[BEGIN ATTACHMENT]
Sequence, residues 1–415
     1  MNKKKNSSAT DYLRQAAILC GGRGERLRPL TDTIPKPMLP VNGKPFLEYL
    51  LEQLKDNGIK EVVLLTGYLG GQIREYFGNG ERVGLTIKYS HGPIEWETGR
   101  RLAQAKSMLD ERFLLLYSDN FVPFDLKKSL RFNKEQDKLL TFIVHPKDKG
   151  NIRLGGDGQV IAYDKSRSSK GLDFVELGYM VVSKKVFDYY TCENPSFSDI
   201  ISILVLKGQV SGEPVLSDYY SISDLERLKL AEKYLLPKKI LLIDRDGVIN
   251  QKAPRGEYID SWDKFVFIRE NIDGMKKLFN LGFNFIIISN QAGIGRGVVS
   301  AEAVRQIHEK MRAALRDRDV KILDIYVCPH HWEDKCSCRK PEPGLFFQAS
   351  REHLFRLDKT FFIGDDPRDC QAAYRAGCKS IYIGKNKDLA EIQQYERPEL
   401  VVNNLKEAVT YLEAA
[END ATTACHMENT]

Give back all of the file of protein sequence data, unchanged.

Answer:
Sequence, residues 1–415
     1  MNKKKNSSAT DYLRQAAILC GGRGERLRPL TDTIPKPMLP VNGKPFLEYL
    51  LEQLKDNGIK EVVLLTGYLG GQIREYFGNG ERVGLTIKYS HGPIEWETGR
   101  RLAQAKSMLD ERFLLLYSDN FVPFDLKKSL RFNKEQDKLL TFIVHPKDKG
   151  NIRLGGDGQV IAYDKSRSSK GLDFVELGYM VVSKKVFDYY TCENPSFSDI
   201  ISILVLKGQV SGEPVLSDYY SISDLERLKL AEKYLLPKKI LLIDRDGVIN
   251  QKAPRGEYID SWDKFVFIRE NIDGMKKLFN LGFNFIIISN QAGIGRGVVS
   301  AEAVRQIHEK MRAALRDRDV KILDIYVCPH HWEDKCSCRK PEPGLFFQAS
   351  REHLFRLDKT FFIGDDPRDC QAAYRAGCKS IYIGKNKDLA EIQQYERPEL
   401  VVNNLKEAVT YLEAA